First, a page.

Before I shared it with anyone though, I emailed a copy to Rabih and Sulaima asking for their suggestions, corrections and/or feelings about it. After all, it is their story. Rabih wrote back saying:
I don't know how you do it, this is my third reading of this article and the millionth of the story in general and you still manage to make me cry. It must be those "wings of sincerity" I told you about.
Just like watching a great movie, I didn't want the article to end. This, coming from the subject of the article who knows every fact and detail. Imagine what it will do to new readers. This is Pulitzer material in my book.
Whatever happens regarding its acceptance or rejection by The Sun or any other magazine will never touch me as deeply as Rabih's response.
FRIDAY, MARCH 3, 2006
I am positively boiling. What George W. Bush has just done in securing his nuclear deal with India is to throw us all back into the cauldron of a worldwide nuclear arms race. After thirty years of living with a global Nuclear Non-Proliferation Treaty, Mr. Bush has, in five years, thrown it all away. Sure, other administrations and other countries have been chipping away at it for years, but at least they had to pretend that they were adherring to its tenets.
I did what I always do when I can no longer stomach what's going on; I wrote this entry on my blog and journal and sent yet another letter to The New York Times.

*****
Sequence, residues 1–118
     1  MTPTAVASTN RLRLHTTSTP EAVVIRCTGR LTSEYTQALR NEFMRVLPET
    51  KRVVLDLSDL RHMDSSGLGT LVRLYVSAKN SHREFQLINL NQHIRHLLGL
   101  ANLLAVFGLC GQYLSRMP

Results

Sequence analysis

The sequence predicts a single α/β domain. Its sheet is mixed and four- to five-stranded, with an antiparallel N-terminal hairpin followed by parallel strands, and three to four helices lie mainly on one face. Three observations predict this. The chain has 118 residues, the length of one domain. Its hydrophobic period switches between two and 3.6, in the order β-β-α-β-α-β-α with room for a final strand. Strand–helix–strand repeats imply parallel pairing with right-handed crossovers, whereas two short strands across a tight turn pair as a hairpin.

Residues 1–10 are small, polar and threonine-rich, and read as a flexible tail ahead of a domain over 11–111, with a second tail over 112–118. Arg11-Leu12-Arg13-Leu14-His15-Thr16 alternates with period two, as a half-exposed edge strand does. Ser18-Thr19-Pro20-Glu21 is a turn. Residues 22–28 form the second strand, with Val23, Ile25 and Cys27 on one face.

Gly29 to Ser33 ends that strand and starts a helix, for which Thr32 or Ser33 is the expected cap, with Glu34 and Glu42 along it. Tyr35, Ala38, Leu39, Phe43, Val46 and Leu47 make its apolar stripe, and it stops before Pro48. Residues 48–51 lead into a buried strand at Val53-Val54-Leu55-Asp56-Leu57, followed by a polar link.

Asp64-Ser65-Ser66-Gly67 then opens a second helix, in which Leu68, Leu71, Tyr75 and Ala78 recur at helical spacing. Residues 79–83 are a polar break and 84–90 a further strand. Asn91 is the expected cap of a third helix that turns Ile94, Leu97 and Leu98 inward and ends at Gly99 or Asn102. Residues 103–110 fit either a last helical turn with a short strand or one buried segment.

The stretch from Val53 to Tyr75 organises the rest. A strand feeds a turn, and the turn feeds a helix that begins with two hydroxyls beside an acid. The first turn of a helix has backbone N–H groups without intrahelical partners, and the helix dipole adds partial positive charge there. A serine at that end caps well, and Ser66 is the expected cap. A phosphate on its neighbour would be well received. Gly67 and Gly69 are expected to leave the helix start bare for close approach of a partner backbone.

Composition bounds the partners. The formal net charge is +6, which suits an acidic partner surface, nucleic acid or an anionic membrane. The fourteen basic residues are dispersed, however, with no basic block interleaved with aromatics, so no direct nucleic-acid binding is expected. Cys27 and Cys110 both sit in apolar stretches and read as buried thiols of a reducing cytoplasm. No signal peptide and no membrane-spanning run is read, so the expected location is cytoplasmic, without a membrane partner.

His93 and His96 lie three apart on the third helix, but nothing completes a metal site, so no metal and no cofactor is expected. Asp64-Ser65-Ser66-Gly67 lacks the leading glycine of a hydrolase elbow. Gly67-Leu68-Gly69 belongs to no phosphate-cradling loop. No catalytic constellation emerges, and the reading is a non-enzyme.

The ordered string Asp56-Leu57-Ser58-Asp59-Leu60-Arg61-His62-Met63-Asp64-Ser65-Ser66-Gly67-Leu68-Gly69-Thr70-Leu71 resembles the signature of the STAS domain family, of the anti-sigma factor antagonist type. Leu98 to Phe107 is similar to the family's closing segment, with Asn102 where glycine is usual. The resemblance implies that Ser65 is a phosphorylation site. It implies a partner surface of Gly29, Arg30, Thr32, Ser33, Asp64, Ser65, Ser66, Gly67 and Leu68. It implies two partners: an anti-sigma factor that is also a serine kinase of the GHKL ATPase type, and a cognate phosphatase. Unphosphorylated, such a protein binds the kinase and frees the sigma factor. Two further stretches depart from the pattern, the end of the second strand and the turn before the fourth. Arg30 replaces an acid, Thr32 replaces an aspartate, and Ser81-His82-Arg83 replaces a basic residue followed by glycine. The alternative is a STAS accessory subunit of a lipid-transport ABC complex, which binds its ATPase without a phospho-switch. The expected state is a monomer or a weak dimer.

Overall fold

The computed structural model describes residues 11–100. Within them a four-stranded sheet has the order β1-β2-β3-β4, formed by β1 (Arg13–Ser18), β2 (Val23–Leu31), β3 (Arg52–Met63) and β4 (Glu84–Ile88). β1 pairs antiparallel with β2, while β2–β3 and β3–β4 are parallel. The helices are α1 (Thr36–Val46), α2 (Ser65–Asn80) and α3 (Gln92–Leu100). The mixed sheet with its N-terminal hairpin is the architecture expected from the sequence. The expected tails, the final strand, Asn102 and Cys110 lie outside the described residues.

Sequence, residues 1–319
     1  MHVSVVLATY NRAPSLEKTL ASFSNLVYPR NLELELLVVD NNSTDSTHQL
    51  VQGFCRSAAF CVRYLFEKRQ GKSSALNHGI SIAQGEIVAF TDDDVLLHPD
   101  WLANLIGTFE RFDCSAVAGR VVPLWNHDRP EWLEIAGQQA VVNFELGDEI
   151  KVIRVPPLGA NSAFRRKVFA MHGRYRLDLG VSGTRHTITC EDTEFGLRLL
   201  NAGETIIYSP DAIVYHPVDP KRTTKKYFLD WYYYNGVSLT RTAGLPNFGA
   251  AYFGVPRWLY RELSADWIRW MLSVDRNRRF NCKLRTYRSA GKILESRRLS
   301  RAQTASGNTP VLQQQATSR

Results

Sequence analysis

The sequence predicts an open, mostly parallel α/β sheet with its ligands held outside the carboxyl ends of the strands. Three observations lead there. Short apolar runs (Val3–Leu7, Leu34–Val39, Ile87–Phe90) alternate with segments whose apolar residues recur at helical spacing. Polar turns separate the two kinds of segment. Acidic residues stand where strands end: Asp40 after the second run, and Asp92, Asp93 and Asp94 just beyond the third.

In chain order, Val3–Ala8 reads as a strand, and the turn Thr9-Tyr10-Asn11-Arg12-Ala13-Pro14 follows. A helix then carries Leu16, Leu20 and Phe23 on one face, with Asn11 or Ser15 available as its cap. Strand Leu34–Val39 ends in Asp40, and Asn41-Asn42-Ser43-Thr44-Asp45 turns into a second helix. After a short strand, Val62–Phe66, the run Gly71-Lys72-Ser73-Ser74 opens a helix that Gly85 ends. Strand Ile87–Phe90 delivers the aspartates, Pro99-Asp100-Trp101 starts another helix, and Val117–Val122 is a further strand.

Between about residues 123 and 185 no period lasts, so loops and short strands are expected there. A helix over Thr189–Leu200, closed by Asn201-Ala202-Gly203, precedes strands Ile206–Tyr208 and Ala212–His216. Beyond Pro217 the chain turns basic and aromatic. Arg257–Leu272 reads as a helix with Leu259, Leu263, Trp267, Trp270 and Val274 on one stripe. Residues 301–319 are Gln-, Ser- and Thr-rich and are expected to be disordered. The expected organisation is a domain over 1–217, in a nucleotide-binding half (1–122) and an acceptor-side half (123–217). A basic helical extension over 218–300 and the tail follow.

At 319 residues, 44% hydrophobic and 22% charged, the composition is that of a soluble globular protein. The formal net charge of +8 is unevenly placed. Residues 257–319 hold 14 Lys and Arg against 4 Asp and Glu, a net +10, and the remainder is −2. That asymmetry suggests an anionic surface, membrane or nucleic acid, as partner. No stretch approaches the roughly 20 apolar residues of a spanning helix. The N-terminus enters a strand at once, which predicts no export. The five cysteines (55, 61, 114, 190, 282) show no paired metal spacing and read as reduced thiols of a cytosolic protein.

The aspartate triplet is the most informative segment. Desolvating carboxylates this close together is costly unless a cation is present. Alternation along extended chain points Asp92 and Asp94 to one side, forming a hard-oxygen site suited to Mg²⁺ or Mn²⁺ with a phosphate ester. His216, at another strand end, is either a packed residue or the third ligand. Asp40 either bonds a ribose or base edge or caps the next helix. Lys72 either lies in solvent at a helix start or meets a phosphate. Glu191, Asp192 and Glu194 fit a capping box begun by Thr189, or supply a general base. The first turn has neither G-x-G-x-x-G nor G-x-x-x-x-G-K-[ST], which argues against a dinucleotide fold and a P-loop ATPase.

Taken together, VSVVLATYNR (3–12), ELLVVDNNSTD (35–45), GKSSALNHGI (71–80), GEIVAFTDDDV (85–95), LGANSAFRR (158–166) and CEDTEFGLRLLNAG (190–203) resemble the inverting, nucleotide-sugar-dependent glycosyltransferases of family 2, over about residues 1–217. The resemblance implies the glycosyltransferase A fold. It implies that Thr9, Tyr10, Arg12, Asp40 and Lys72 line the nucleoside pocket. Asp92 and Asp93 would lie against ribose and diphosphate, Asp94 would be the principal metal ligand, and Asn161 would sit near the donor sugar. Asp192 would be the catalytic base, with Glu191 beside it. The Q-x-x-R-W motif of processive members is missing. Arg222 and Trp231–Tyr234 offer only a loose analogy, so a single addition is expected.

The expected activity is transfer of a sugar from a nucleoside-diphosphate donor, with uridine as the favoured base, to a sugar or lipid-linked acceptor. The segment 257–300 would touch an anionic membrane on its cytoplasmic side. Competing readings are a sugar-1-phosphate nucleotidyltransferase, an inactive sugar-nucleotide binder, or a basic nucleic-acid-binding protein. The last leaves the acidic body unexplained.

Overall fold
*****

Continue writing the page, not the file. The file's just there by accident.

To the editor
And so the Nuclear Non-Proliferation Treaty we signed in 1970 is now officially dead. The man who killed it, President George W. Bush, has taken our world back into the nightmare of fallout shelters and mushroom clouds. But this time it is not just Russia we have to worry about but "allies" like India, Israel, China, France and Great Britain, and "rogue nations" like Pakistan, Iran and North Korea. For starters, that is.
This nuclear pact with India is not the only nail in our global coffin. According to Democracy Now!, President Bush recently asked Congress for $27 million to "help jumpstart the country's first new nuclear weapons program in two decades." And just last week the U.S. and Britain conducted a joint underground nuclear test at the Nevada Test Site.
My question now is, can our planet survive another three years of George W. Bush as president of the U.S.? The odds are getting less day by day.
SUNDAY, MARCH 5, 2006
How do you ascertain if your work is making an impact, especially if your area of interest is as hard to quantify as peace and justice?
Do you wait to see tangible evidence of changes you've helped bring about in the world? Do you find satisfaction in the recognition and affirmation of your peers? Are you looking for media attention that might help raise public awareness? If you write or create art for peace, would having your work published be all you'd need to keep on keepin' on? If civil disobedience is your path, will being arrested and tried in a courtroom where you can publicly proclaim your reasons for taking this action, and even spending time in jail satisfy your hunger for peace and justice? Or is it simply enough to know within yourself that you're doing all you possibly can to make this world a better place. But how about being hated and villified for your work? Would that give you a sense of a job well done?